I had my first book launch this past weekend. We were in a comic book shop that graciously ignored the fact that I had no pictures in my book and let me set up an event anyway. We had the back corner of the shop, which is how it should be – there was no cause to interrupt their flow in traffic. My business partner Allie was dressed to the nines. I felt a bit silly in my Avengers tee and denim capris, but hey. I know my audience. They go to con, they read comic books, and they wear shirts with pithy sayings. Either that, or colorful depictions of Deadpool draping himself over Skeletor. I was among my people, and I was comfy.

Which was important, because inside I was a mess. I hadn’t done any public speaking for years, and I was out of the habit. As people gathered in their seats, I kept having those undermining thoughts. Are these people really here to see me? To hear me read? From my book? Are they crazy?

I managed to push past the huge case of nerves. After launching into my chapter I remembered to take a few deep breaths. I’d practiced, so I didn’t stumble too often or too badly. My audience was there for me, really there, in a way I hadn’t experienced before. They were small business owners, artists, poets and musicians. People who knew how important supporting the arts is.

We handed out prizes, and that was fun. My son read the ticket stub numbers and did a great job.

There was a Q&A session that felt like it was scripted, it went so well. The interest in my work and Allie’s & my business was there, real and solid. We felt so proud and so humbled all at the same time, and everyone there was just great.

During Q&A, the original short story for Bento Box came up in conversation. I promised that I would post it on my blog for people to see. It will not be edited, because at this point the idea of editing anything to do with Bento is beyond comprehension. I wooed, I won, I’m done. So, keep in mind this was written 2 ½ years ago or so, and it was inspiration for Bento, not slavish devotion.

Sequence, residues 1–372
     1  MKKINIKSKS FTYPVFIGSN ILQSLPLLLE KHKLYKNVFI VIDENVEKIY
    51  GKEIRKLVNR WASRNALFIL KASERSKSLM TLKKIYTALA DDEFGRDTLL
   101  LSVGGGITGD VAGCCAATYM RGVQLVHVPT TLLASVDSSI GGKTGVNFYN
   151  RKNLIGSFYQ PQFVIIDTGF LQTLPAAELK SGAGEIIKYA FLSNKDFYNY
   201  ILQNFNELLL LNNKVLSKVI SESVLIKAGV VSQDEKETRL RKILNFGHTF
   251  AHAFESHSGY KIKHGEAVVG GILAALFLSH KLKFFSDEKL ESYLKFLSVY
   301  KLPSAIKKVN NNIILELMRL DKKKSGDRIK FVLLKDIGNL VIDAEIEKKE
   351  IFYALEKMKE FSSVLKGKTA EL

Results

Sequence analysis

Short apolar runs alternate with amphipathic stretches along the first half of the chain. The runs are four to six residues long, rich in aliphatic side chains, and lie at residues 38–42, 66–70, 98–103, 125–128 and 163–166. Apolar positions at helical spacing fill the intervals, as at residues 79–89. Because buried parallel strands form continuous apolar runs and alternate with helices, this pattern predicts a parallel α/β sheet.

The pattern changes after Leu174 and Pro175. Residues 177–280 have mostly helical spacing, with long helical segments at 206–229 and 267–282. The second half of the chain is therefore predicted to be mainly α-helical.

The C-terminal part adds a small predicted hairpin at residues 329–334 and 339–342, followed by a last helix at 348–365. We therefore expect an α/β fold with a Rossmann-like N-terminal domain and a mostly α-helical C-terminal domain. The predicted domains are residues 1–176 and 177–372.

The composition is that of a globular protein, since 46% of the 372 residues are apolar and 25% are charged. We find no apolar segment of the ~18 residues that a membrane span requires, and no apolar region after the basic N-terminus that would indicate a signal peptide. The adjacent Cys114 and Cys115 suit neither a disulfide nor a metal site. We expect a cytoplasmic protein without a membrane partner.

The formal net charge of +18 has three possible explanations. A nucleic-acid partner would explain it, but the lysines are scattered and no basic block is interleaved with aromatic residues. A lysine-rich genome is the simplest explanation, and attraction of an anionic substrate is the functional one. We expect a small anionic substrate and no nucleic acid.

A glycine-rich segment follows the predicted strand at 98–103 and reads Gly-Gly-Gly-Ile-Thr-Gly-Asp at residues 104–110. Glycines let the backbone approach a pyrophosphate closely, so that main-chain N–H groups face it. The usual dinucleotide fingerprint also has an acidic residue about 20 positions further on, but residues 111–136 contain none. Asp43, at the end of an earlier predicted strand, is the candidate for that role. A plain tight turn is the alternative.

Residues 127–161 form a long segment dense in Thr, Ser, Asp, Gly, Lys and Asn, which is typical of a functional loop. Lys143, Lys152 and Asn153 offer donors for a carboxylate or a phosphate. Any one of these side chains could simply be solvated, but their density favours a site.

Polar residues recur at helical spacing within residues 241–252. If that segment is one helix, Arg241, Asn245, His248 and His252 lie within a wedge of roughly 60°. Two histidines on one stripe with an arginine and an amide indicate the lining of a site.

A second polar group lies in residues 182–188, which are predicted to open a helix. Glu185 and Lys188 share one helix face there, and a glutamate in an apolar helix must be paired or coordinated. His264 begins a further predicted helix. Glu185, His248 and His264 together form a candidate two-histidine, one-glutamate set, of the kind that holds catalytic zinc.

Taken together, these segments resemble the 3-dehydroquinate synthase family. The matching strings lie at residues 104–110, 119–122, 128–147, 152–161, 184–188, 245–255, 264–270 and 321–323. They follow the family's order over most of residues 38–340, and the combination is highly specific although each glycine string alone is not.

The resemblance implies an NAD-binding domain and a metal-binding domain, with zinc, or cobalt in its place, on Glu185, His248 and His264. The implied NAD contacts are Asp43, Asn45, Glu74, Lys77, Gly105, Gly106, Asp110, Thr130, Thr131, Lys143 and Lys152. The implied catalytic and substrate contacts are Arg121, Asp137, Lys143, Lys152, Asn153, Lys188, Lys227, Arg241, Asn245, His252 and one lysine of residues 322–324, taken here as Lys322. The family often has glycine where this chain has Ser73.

I’m going to post it on a separate post, possibly broken into 2 for size. I hope you enjoy it!

Bento Box is out!

My novel is out! Pre-sales at Amazon can be found here for Bento Box.

I am exhausted. The hours have been long. Also, this is only for e-book sales, as I am still getting the formatting ready for print copies. I want to crack open the bubbly, but it must wait for the print book release.

Mostly because I don’t have any in the house tonight, and I’m too tired to go shopping.

I hope you all enjoy it, it was a kick to write!

Closer to the Finish Line

I finished my second book, or at least, mostly finished. It’s out getting dry cleaned and pressed; in other words, getting some line editing done, to make sure it’s grammatically correct and all the spelling errors are caught. You might think that these small functions could easily be done by the author, but allow me to assure you they aren’t. Even today I’m still getting feedback for The Corsican’s follies. I learned from my mistake. Self-editing is a necessity, but I’ll never publish without another pair of eyes again.

I’m experiencing a lot of peaks – excitement, terror, panic – and valleys, which are mostly the adrenaline crash and attempts at calming self-talk. A friend of mine mentioned to me during a conversation, saying that she figured since I was a published author that this would be old hat. I reminded her that I’ve only ever done this once before. One does not simply walk into Mordor; and one does not simply write a book.

I’m terrified. I feel like so much is riding on this book. It’s hard to feel like your entire career hangs on a book, but when you only finish one once every two and a half years or so, it’s important that your book is well received. There are so many books in this world, and I’m adding to the pile. I put my heart into this story, which is exciting and weird and awkward and fun. I am putting myself out there to be read, and judged, but this is what I want to do. This has been my dream since forever. I love to hear what people think of my story, I love knowing that I’ve entertained someone. My favorite is to make people laugh, or to surprise them.

I’m still figuring things out. There are signposts on my particular career path, but it has taken me years to make sense of them. I’m really happy with the book that I’ve made. I just hope that it makes everyone who reads it happy too.

Milestones

After publishing my first book, I looked back and realized how much work went into it. Writing a novel is a long journey. What I didn’t realize is that to get from rough draft to finished work isn’t one leap, but a series of many steps.

For my second book, my husband suggested that I use milestones as a way to break up the long stretches.  Breaking a book down into its parts gives a much better scope of the deed. I didn’t agree with him immediately, but after finding a free project management software, I soon realized how much more I accomplished than I realized.

First, there’s pre-writing. Which is when a writer starts cooking up an idea for a book. Even pantsers (those who fly by the seat of their pants, rather than plot things out on paper) will start developing thoughts about their work before they put pen to paper. Next, there’s a rough draft, which is where the major story is fleshed out. Then, there’s editing the rough draft, which is a different depth of attention than what will be called for in later drafts. There can be an unlimited amount of drafts but generally around three to five is standard for practiced writers.